Will the Motorola Razr comeback succeed?

Motorola is reviving the Razr smartphone. The rollout’s sure to be successful, but will it survive in the marketplace? That’s another question entirely…

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Martyn Williams

Motorola is at it again. This time they’re trying to revive the Razr phone. Razr was successful for a few short years (a decade ago), but it rose, then fell, then disappeared entirely as the Apple iPhone, Google Android and Samsung Galaxy rose. Now, since the larger smartphone marketplace is slowing, could this be the right time for Motorola to resurrect the Razr?

First, it’s important to know where Motorola stands today. For decades they were a leader in wireless communications, even before the cellular revolution. They were the strongest brand in the wireless business until the mid-1990s. The StarTac was their last big hit before they crashed and burned.

The history of Motorola in the smartphone marketplace

Back in the day they were cocky, confident and arrogant. They didn’t need any one, and they knew it all. Or so they thought. The walls eventually came tumbling down on them. They quickly became irrelevant in the wireless and smartphone space as the iPhone and Android revolution took over.

Have they learned their lesson? If so, perhaps there’s a chance for longer-term success beyond the brief titillation the marketplace will have with the new Razr.

In the mid-‘90s, the Motorola StarTac was hit. After all, it reminded users of the Star Trek communicator! After several years and several CEO changes, Motorola gave themselves a second chance with the Razr in the mid-2000s. It was a hot phone and users loved it.

When the iPhone and Android hit the marketplace, however, the Razr quickly fell off the radar.

Motorola and Razr now owned by Lenovo

After that, Motorola was struggling to survive for many years. They updated their phone brand to Moto and introduced several devices (like the Moto X) that simply didn’t catch on in any major way.

Motorola was dying on the vine. Eventually, they were acquired by other companies – including Google – and is now owned by Lenovo.

That means the company is no longer in the same place it once was. Perhaps they have a new attitude. Perhaps they’ve learned some humility. Only time will tell.

The smartphone market is slowing down

Today, the high-flying smartphone market with iPhone and Android is slowing down. Apple and Google are still the two big players in the space, and they’ll likely continue to be. However, everyone who wants a smartphone has one. The only new customers left are the youth market.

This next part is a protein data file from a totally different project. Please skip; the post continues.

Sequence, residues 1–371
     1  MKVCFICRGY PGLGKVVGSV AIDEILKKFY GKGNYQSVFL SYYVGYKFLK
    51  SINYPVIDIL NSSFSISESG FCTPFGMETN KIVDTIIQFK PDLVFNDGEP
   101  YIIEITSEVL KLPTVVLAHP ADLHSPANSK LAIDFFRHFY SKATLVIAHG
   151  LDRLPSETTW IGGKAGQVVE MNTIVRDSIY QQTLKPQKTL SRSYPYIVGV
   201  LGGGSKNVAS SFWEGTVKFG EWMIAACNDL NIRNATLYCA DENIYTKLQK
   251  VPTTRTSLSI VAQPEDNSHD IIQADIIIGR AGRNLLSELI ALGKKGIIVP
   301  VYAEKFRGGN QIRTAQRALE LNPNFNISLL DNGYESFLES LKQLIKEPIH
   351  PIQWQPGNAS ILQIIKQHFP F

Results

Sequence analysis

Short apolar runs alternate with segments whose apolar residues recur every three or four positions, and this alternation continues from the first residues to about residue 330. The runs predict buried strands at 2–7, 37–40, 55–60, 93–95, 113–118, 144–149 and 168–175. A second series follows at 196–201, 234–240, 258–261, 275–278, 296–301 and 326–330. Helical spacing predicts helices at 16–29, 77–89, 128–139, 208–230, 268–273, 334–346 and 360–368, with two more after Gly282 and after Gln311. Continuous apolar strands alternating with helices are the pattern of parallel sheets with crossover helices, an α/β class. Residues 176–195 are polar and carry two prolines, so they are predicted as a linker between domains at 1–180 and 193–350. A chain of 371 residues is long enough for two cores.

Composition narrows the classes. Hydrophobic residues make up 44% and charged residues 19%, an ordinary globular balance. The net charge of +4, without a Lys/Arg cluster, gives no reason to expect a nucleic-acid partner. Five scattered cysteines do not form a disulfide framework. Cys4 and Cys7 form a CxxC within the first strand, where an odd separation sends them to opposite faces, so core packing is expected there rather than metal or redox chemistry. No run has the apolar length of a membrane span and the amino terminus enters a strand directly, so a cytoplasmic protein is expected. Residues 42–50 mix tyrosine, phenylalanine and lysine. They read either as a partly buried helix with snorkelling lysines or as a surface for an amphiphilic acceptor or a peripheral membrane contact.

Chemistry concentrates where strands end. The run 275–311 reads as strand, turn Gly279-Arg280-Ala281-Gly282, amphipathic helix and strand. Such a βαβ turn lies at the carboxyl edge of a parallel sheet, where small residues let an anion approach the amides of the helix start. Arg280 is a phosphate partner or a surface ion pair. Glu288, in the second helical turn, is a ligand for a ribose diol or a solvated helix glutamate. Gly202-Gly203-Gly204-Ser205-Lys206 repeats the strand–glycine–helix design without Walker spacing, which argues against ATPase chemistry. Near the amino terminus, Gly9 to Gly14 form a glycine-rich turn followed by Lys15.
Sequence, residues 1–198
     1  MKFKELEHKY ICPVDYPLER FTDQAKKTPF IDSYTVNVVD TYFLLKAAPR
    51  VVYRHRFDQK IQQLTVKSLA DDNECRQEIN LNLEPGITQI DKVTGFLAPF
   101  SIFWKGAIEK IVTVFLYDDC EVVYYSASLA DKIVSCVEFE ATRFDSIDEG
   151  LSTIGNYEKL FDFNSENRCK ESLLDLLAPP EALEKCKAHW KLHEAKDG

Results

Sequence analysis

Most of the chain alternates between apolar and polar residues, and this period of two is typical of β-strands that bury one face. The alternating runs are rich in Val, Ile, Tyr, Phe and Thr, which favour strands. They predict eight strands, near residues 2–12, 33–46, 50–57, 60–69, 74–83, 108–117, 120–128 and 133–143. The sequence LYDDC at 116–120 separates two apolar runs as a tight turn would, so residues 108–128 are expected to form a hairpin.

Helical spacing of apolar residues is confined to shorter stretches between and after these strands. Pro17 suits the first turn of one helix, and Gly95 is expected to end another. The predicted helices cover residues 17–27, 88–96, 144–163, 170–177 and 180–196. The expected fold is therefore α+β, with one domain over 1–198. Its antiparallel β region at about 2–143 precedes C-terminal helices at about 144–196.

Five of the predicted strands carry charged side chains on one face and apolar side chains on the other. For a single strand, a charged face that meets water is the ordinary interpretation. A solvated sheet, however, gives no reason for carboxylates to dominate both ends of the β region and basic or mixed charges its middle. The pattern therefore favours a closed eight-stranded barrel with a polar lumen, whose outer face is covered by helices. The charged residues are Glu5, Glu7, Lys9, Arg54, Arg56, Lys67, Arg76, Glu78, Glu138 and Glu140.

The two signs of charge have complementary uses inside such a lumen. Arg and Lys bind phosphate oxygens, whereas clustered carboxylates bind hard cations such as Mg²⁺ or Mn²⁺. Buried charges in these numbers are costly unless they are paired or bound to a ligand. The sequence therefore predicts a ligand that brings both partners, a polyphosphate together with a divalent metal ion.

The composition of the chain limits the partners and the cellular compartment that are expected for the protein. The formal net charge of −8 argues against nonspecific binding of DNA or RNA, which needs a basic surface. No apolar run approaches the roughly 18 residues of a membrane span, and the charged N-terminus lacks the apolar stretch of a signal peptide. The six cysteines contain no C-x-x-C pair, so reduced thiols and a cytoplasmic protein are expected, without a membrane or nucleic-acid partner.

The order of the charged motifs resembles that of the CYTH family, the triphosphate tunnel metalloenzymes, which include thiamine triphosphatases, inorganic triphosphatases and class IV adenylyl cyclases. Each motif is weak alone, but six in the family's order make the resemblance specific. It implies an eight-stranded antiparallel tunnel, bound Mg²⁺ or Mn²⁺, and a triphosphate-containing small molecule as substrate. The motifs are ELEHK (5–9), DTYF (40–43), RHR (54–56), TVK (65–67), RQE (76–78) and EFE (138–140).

There are two reasons for this slowdown, both created by Apple and Google themselves. One, the prices are rising too fast and too high. Two, there’s been no real innovation to make the higher prices worthwhile.

What that means is users are no longer trading up every year like they used to. This is something Apple, Google and Samsung could fix. However, it doesn’t look like they will anytime soon.

iPhone and Android slowdown could give Razr a second chance

That creates an opportunity for Motorola or any other smartphone maker to capture the imagination of the marketplace. The question is simple: can they? And can they for the longer-term?

We don’t know much about the new Razr yet. If it’s a folding smartphone that uses Google Android, it may have a chance for success, because it’ll give users access to the vast app market.

Many smartphone users don’t like the path the iPhone and Android devices are on. Many would prefer a smaller device that’s easier to hold and use with one hand. While some users like larger screens and devices, many do not.

This could be good news for the Razr brand. Of course, the price of the Razr is way up there, so that’s not going to help. Users won’t save money compared to an iPhone or Android. So, we’ll just have to wait and see what happens, both initially and in the longer-term.

Blackberry tried to recover and failed, time after time

We’ve seen this before. The Blackberry tried and failed to resuscitate itself. Same with Nokia re-introducing their older, popular phone design. As a nostalgia play, these devices might bring back fond memories…but they just haven’t been successful in today’s marketplace.

Will the Razr be any different?

My prediction is the initial rollout will be successful. With Motorola and Lenovo behind it, the new Razr will certainly be a worthy competitor. The real question is, will the new Razr find an ongoing place in today’s wireless marketplace.

I hope so. Stay tuned…

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